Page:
The real influencers are random sparks, touching off a blaze of pent-up potential. Watts has built his theories on a number of clever experiments. Lately he’s been trying to invent aids to harness the “random sparkers” rather than the influentials, to see if you can at least get a forest to burn when it is ready. One idea is to create a way for people to see the result of their own marketing.
Typically, people ignore this “share with your friends” pitch. But Watts and Peretti included technology called ForwardTrack, which displays the route the ad travels once you’ve forwarded it. This turned ad forwarding into a piece of social cartography. People would pass the ad specifically to those friends most likely to keep it moving. It became a Facebook-like contest to sign up the most friends.
Whether it works remains to be seen. Cory Doctorow at Boing Boing believes that Watt’s research is aimed at explaining not the runaway hits, but the mediocre successes.
Reading through the piece, it seems to me that Watts is primarily concerned with those ideas that don’t “break out” and swamp the mainstream — if you’re going to have a modestly successful idea, how can you increase that modest success two- or three-fold? It may be that the combination of a hugely influential person; a simple, easy-to-communicate idea and a receptive market can go viral and be on everyone’s lips in a few days. But what if you’ve got a hard-to-communicate, subtle idea and you want to maximize its spread?
Guy Kawasaki, the evengelism-marketing guru who spent a lot of time trying to convert people to the Macintosh says:
How does Watts’ thinking square with evangelism? I don’t see a conflict because evangelism is about “bringing the good news” to everyone and then supporting the people who “get it.” Evangelism is not about sucking up to only people who are famous and self-important. To wit, few Fortune 500 CIOs helped make Macintosh successful. It was unknown artists, designers, hobbyists, and user-group members who made Macintosh successful, and we could have not identified them in advance.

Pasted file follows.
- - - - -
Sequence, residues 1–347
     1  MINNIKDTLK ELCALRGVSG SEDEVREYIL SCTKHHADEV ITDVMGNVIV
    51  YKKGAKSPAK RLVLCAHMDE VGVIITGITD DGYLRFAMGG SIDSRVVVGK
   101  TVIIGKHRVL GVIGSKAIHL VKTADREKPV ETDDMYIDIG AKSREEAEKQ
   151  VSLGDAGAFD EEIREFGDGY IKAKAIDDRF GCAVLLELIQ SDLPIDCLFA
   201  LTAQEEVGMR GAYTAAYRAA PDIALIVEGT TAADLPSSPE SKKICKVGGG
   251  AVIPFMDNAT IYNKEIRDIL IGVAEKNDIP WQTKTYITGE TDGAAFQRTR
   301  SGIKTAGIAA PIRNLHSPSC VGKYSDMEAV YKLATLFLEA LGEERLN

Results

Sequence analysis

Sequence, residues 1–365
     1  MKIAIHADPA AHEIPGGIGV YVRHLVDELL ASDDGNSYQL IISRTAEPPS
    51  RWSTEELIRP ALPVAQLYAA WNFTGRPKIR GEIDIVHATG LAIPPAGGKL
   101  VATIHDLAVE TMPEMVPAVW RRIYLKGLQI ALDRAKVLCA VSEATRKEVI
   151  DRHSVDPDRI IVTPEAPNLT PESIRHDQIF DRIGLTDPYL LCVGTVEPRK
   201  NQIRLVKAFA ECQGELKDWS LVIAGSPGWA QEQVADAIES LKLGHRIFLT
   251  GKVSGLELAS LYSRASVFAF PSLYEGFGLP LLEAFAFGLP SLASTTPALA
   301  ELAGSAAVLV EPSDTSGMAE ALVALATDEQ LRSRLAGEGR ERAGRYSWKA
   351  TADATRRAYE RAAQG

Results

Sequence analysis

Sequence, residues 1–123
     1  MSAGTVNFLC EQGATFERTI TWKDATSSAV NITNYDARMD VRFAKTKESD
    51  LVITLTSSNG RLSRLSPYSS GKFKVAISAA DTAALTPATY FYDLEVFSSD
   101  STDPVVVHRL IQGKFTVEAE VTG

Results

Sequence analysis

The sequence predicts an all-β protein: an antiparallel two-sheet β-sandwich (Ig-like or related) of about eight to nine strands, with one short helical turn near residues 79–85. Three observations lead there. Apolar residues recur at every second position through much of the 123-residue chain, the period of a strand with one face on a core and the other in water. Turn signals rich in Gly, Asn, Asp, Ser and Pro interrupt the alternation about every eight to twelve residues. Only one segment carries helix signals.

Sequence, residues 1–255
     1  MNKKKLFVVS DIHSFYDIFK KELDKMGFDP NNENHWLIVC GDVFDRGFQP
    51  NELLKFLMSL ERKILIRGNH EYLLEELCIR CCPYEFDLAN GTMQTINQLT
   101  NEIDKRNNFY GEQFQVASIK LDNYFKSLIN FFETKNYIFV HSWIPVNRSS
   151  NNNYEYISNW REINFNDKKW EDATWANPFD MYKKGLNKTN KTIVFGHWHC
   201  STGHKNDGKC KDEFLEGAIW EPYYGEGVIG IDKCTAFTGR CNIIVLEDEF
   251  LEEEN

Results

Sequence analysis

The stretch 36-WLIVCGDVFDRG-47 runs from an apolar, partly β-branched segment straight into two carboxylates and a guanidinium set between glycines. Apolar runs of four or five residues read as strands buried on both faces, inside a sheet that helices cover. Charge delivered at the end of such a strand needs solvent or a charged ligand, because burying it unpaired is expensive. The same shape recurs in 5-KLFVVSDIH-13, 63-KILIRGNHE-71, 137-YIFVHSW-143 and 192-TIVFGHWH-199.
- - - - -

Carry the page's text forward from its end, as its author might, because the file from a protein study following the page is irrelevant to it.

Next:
If Watts in correct, then how should this change marketing? Guy has a few suggestions:
* Spend less time and effort on industry events and other focused PR and marketing that involves sucking up to journalists, analysts, and experts. Spend more time and effort pressing the flesh of real customers. Typically, you won’t meet too many customers at a Ritz Carlton.
* Try mass marketing because you never know who will be your “accidental influential.” Or, as the saying goes, “Let a hundred flowers blossom” to determine who “gets” your product. Admittedly, the challenge is to find a cost-effective way to do mass marketing.
* Forget A-list bloggers. Lousy reviews by them cannot tank your product. Great reviews cannot make it successful. Focus on big numbers—any Technorati 1,000,000 blogger can be a channel to reach people. If enough people like your product, the A-list bloggers will have to write about you.
Seth Godin, who wrote the book about viral marketing (“Unleashing the Ideavirus”) responded to Thompson’s article on Watts by declaring markets need both, the influentials and the regular mass market fans. You need word of mouth, and influentials have big mouths.
What should be really clear, though, is that people with big audiences certainly count as one of the people around you. If the guy down the row at work buys a Mac Air, it counts. If Guy buys a Mac Air, it counts just as much (or possibly a bit more). If a kid in school is listening to Ini, it counts. And if you hear HotStepper on a popular radio station, it counts just as much. Since people with big audiences have more ‘friends’ and have more ‘people down the hall’, they have more influence. Not because they count for more, just because they ‘know’ more people.
This is reasonable advice. Usually the answer for any question in the new economy is “all of the above.” For most cases you’ll need some version of mass marketing AND viral marketing. You need to reach the random sparkers and the big mouths.
But please read Clive’s piece. It’s very good.